EP2770325A1 - Mutations of DEPDC5 for diagnosing epilepsic diseases, disorders or conditions - Google Patents

Mutations of DEPDC5 for diagnosing epilepsic diseases, disorders or conditions Download PDF

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EP2770325A1
EP2770325A1 EP13158940.0A EP13158940A EP2770325A1 EP 2770325 A1 EP2770325 A1 EP 2770325A1 EP 13158940 A EP13158940 A EP 13158940A EP 2770325 A1 EP2770325 A1 EP 2770325A1
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Prior art keywords
epilepsy
subject
depdc5
disorder
condition
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German (de)
French (fr)
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Stéphanie Baulac
Éric Leguern
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Institut du Cerveau et de la Moelle Epiniere-ICM
Centre National de la Recherche Scientifique CNRS
Universite Pierre et Marie Curie Paris 6
Assistance Publique Hopitaux de Paris APHP
Institut National de la Sante et de la Recherche Medicale INSERM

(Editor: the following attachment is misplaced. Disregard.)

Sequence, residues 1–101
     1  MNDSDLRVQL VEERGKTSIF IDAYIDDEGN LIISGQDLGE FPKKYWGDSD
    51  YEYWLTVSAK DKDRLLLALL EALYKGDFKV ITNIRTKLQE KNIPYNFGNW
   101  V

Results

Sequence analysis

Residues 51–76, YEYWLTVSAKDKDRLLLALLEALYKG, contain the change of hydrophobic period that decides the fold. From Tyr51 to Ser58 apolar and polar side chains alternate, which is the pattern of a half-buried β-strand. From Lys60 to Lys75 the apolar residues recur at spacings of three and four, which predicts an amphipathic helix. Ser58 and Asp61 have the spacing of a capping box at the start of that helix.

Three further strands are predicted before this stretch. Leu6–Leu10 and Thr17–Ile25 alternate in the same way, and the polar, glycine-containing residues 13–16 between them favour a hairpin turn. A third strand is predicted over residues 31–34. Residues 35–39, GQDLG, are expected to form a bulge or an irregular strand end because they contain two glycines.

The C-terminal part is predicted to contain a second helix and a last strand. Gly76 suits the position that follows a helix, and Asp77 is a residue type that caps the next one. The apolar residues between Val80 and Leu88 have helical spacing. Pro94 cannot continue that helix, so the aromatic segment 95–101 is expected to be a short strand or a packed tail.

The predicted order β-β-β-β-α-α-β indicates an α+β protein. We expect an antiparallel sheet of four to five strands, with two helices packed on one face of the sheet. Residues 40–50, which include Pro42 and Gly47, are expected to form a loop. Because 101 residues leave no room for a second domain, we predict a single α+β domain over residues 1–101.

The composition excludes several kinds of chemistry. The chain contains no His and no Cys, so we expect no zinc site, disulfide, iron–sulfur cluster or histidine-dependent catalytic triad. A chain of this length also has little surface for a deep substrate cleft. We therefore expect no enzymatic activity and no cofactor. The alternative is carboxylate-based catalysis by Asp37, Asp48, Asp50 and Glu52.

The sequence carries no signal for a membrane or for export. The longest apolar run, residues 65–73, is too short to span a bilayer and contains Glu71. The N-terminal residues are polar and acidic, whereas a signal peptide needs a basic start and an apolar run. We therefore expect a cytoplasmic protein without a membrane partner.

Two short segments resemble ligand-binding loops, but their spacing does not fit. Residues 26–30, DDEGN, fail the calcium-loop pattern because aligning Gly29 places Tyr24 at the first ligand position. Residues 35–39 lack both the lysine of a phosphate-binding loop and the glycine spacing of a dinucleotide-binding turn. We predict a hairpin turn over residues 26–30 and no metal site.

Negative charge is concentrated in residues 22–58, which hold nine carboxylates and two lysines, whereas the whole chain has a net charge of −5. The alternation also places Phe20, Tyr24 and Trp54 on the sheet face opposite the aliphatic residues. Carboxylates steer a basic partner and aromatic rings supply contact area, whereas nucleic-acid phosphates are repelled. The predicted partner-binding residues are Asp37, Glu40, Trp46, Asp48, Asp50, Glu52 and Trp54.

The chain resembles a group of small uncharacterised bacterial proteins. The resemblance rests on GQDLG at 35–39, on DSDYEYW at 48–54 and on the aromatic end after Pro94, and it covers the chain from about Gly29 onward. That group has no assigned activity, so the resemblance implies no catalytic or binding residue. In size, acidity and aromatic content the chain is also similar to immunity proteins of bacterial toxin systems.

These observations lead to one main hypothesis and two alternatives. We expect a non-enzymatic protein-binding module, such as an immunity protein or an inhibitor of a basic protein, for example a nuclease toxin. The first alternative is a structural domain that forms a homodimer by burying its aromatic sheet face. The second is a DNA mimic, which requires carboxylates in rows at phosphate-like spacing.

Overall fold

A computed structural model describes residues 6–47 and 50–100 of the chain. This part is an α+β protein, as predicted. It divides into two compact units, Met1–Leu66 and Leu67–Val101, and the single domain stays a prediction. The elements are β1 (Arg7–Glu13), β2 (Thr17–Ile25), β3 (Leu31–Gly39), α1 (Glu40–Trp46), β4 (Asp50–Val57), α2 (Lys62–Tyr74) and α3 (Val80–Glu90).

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Institut du Cerveau et de la Moelle Epiniere-ICM
Centre National de la Recherche Scientifique CNRS
Universite Pierre et Marie Curie Paris 6
Assistance Publique Hopitaux de Paris APHP
Institut National de la Sante et de la Recherche Medicale INSERM
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    • C12BIOCHEMISTRY; BEER; SPIRITS; WINE; VINEGAR; MICROBIOLOGY; ENZYMOLOGY; MUTATION OR GENETIC ENGINEERING
    • C12QMEASURING OR TESTING PROCESSES INVOLVING ENZYMES, NUCLEIC ACIDS OR MICROORGANISMS; COMPOSITIONS OR TEST PAPERS THEREFOR; PROCESSES OF PREPARING SUCH COMPOSITIONS; CONDITION-RESPONSIVE CONTROL IN MICROBIOLOGICAL OR ENZYMOLOGICAL PROCESSES
    • C12Q1/00Measuring or testing processes involving enzymes, nucleic acids or microorganisms; Compositions therefor; Processes of preparing such compositions
    • C12Q1/68Measuring or testing processes involving enzymes, nucleic acids or microorganisms; Compositions therefor; Processes of preparing such compositions involving nucleic acids